The Things We Carry

I’m packing away some things in a box; books, beautiful cloth I can’t decide how to sew, purses, beads. These aren’t everyday items, in fact they’ll be put away for months. But I can’t get rid of them. They’re my talismans, and each tells a story of the friend or stranger who sold or gifted them to me.

What We Carry We can learn a lot about ourselves, and our characters, by looking at the talismans of the times. In writing non-fiction, what tangible items stay with you over the years? In fiction, what do your characters cling to like safety blankets, or albatrosses? Having in mind the great losses suffered during the Accra floods, what items leave an absence when they are lost, destroyed or taken away?

For non-fiction writers; pen a list of 10 meaningful items. Pick two and in 10-minute free-writes, tell the story of how you acquired each item and why you keep it. Then, write about something you no longer have.
For fiction writers; use a character from a work-in-progress and describe the items in their purse, bag, or pockets. Why does the character carry each item, what is its usefulness (or uselessness)?

The title of the post comes from an extraordinarily different work of fiction, Tim O’Brien’s The Things They Carried.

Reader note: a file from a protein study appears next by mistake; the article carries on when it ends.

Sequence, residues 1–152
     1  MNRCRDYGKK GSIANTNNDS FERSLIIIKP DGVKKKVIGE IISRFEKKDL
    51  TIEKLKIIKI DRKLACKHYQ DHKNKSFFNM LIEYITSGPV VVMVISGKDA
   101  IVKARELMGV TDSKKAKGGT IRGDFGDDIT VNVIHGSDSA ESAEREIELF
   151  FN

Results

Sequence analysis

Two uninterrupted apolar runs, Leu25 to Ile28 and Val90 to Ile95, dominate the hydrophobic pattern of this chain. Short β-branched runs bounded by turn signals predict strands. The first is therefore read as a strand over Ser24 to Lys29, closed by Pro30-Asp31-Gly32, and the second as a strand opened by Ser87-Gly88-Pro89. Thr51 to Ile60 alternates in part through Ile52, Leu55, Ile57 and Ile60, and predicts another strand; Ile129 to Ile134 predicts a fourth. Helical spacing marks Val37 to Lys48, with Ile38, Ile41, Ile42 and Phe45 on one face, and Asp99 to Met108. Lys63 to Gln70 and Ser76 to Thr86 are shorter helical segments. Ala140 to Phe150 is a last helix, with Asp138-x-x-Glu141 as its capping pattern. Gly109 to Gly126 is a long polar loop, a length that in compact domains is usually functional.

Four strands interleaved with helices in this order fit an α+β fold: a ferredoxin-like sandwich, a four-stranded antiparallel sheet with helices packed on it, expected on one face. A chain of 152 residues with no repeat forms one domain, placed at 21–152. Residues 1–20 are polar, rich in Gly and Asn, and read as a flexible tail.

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Writing Weekend

Take a character from a work-in-progress and transport them to a location that’s different from their normal setting. Research your new location and write 150-200 words on how your character reacts to being in the new setting.
Writing prompts are great exercises to get your mind working and putting characters out of their comfort zones can help you discover more about them. Then, submit your flash fiction for publication on Akwantuo!  

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3 Literary Things to Love About… Kenya

June 1st is Madaraka Day in Kenya, marking when the East African nation regained self-rule. Here are three things to love about Kenya’s rich literary tradition:

1) Wangari Maathai, The Challenge for Africa

This piece of non-fiction should be required reading for anyone who wants to know why roots planted in the past still invade the continent. Maathai, an environmentalist, political leader and activist, was the first African woman to win the Nobel Peace Prize.

2) Ngũgĩ wa Thiong’o, Wizard of the Crow 
This boundless novel is a cracking, magical satire with a sweep of the familiar, characters that are closely drawn even in their absurdities.

3) Kwani Trust
It’s hard to think of an organization that does more to develop and promote writers than this Nairobi-based group, with the Kwani? journal, readings, open mics and more.

What’s on your Kenyan reading list on Madaraka Day?

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